WHEN 1805 first arrived on the Bournemouth restaurant scene last summer, it opened the doors to a whole new concept in Asian fine dining.

And one of the specialities of the house is dim sum (which apparently means “touching the heart”).

Dim sum is a Cantonese-style cuisine from southern China, parcels of meat, seafood and sweet fillings served in stacks of bamboo baskets, often served with pots of tea.

Fans of this particular dish, however, fear that authentic dim sum is becoming a dying art because freshness is so key to their success, which often means a very early start in order to prepare all the ingredients.

But 1805 even has its own dim sum head chef, Xing Yu, who has over 30 years of culinary experience, and has created an inspired dim sum menu which I was invited to check out in the run up to Chinese New Year last Tuesday.

A typical selection of dishes vary from parcels of ground pork and shrimp “siu mai” to sweet treats including custard and salted egg yolk buns.

We selected a few items from the lunch menu (which includes a very reasonable sounding lunch menu for around £15).

My particular dim sum favourites were the King Prawn Scallop Dumpling (£4.80), with pastry so thin that it could barely contain its succulent filling, the Meat Dumpling in chilli oil (£4.80) and the Lobster Dumpling with Champagne Sauce (£5.80).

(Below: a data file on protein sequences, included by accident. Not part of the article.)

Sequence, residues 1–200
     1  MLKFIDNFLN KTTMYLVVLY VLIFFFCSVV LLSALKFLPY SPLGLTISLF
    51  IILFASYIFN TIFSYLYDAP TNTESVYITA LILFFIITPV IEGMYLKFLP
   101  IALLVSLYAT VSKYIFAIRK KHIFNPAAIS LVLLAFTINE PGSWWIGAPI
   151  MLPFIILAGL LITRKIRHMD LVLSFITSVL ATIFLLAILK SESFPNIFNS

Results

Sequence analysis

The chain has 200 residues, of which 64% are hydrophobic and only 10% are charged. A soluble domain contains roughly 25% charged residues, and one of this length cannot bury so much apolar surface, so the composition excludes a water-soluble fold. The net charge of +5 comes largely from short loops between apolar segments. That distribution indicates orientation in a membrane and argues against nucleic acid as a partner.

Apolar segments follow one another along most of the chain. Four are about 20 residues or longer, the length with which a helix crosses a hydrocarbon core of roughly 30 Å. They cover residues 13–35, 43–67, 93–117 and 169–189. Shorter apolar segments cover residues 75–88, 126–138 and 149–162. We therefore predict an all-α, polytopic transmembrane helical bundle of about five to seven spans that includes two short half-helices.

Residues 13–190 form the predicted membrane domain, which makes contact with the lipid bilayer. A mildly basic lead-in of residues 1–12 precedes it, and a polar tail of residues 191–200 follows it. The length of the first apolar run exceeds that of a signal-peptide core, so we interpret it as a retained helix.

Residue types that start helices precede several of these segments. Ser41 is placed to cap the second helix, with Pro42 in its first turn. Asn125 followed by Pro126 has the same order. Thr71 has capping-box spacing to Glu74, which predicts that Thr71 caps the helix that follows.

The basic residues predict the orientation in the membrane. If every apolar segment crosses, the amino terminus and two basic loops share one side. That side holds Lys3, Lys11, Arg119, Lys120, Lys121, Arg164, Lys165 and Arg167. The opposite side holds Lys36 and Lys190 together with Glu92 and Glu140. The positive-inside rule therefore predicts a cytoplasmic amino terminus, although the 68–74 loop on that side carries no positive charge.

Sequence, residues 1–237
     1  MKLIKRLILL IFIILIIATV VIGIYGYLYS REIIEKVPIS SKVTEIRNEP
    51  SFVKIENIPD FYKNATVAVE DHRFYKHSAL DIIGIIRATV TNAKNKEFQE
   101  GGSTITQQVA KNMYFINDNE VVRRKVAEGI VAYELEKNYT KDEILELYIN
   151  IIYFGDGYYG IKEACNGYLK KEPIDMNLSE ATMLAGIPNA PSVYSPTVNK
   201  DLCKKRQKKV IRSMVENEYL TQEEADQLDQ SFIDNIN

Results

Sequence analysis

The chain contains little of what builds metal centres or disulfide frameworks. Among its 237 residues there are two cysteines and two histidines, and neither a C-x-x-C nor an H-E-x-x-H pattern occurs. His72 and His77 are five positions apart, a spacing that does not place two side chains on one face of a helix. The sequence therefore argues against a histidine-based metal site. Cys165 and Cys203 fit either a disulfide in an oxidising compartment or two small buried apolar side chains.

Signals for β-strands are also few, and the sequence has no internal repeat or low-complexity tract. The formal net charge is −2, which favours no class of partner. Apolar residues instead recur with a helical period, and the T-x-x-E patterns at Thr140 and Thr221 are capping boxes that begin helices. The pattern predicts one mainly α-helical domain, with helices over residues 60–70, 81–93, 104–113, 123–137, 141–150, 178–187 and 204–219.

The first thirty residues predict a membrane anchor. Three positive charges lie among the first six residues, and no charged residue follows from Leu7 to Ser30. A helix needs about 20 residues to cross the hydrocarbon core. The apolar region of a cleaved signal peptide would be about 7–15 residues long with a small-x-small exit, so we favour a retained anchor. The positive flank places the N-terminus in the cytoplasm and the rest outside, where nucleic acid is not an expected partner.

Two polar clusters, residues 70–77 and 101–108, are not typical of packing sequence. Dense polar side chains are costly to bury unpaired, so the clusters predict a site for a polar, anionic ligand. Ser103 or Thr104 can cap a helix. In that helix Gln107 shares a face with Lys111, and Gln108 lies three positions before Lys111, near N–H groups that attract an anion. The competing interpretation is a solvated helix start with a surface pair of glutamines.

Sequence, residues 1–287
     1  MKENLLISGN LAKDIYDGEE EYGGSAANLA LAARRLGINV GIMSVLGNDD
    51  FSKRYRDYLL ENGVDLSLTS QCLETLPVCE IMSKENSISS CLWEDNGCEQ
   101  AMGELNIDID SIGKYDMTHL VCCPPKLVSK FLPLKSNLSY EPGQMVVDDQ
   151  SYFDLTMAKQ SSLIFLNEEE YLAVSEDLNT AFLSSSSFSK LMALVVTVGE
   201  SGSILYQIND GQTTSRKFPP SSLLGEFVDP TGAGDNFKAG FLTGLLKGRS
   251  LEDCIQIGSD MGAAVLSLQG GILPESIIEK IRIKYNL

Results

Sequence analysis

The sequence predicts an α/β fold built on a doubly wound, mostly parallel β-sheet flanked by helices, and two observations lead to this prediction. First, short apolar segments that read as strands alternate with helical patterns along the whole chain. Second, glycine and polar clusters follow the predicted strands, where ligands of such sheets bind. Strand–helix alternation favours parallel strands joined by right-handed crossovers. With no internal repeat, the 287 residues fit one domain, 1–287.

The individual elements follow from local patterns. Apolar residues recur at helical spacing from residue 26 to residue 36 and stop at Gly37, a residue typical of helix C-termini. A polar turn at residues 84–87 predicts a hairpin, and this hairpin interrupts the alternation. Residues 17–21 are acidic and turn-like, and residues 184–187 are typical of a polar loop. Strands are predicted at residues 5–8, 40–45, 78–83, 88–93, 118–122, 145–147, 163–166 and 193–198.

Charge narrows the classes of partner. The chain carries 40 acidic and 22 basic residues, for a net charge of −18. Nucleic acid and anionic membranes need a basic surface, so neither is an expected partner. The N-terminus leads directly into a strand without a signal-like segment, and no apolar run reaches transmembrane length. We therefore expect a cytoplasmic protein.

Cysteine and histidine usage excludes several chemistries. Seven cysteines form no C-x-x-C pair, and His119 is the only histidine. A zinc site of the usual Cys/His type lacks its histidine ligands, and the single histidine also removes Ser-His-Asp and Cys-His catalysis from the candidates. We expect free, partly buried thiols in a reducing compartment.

Moving on to a couple of examples off the lunch menu, The Deep Fried Cuttlefish Cake (£4.80) was a little underwhelming in terms of flavour, but the Crispy Duck Rolls (£4.80) were superb – light and crispy and stuffed with slivers of fresh, crunchy vegetables with plenty of sweet tender duck.

We were also invited to try the King Prawn Rice Rolls (£5.20) which were a curious glutinous texture and incredibly filling. In Chinese cooking, texture is every bit the equal of taste, I’m told.

The chefs here pride themselves on elegant, honest fine food so they don’t use any artificial colourings or MSG.

Everything tastes natural and you can tell it has been freshly-prepared on the premises.

The restaurant itself is handsomely plush with hand-crafted dark wooden furniture and slick, knowing service.

This is a place which also pays homage to its roots with a display of historical artefacts, including a traditional carriage in the reception area.

Even the name of the restaurant is significant, as it marks the year that the first Chinese people became established British citizens, a significant moment in history and a move so rare it required an Act of Parliament.

Restaurant owner LinLin Xing explained: “We wanted to choose a name with real meaning and significance, for our restaurant is not just about the food, it’s about the whole Chinese culture.”